Exploring James Baldwin’s Old Haunts in New York and Paris

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Hôtel de Verneuil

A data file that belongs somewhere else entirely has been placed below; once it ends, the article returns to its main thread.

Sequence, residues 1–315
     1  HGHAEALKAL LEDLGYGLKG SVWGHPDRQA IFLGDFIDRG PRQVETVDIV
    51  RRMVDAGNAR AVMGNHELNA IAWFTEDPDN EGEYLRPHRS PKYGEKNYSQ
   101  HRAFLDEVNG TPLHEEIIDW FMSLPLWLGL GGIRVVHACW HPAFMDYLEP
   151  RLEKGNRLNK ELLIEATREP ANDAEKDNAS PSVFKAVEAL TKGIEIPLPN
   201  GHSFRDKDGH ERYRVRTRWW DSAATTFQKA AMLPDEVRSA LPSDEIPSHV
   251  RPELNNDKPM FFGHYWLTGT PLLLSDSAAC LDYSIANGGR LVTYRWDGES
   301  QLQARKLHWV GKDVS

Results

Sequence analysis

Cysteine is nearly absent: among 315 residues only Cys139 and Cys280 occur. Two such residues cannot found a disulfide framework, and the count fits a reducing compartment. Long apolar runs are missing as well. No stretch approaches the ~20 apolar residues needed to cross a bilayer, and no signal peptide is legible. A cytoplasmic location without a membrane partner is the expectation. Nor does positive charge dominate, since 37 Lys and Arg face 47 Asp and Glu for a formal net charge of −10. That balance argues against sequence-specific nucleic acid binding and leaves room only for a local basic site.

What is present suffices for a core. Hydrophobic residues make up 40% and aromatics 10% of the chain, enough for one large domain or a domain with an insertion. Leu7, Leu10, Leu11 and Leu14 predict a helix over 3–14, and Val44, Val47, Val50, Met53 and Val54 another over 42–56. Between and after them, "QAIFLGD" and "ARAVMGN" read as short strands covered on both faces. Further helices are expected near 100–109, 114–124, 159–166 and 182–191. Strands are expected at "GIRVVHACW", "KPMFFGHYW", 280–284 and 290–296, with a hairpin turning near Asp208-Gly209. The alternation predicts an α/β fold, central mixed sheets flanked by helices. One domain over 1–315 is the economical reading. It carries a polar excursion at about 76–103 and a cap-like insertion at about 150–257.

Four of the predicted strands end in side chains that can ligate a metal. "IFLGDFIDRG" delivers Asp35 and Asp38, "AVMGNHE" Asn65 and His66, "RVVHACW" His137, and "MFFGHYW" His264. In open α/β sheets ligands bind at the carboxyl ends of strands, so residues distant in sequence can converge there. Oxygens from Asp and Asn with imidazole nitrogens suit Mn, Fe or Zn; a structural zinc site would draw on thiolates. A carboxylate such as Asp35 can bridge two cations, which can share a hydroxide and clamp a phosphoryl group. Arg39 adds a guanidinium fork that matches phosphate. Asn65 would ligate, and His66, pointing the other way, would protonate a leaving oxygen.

Shortly after first arriving in Paris, Baldwin moved to this ramshackle hotel run by Mme. Dumont, the matriarch of a Corsican family. Life there resembled Baldwin’s days in the Village, and it was not uncommon for residents to share meals, typewriters and lovers. The author developed strong friendships at the hotel with Mary Keen, a radical socialist from England, and Gidske Anderson, a Norwegian journalist who lived nearby. It was a particularly lively social scene: According to the Leeming biography, at a party thrown to launch Zero, the music was so loud and the revelry so raucous that Mme. Dumont shut off the electricity. Nevertheless, the party continued past dawn, stopping only when there was nothing left to drink. Just down the street, across from the singer-songwriter Serge Gainsbourg’s iconic graffiti-covered former home, the present-day Hôtel Verneuil (which is not the same building, unfortunately, where Baldwin lived) reopened last year after a complete renovation by the French architect Isabelle Stanislas, with some of its 26 rooms adorned with photos of James Baldwin.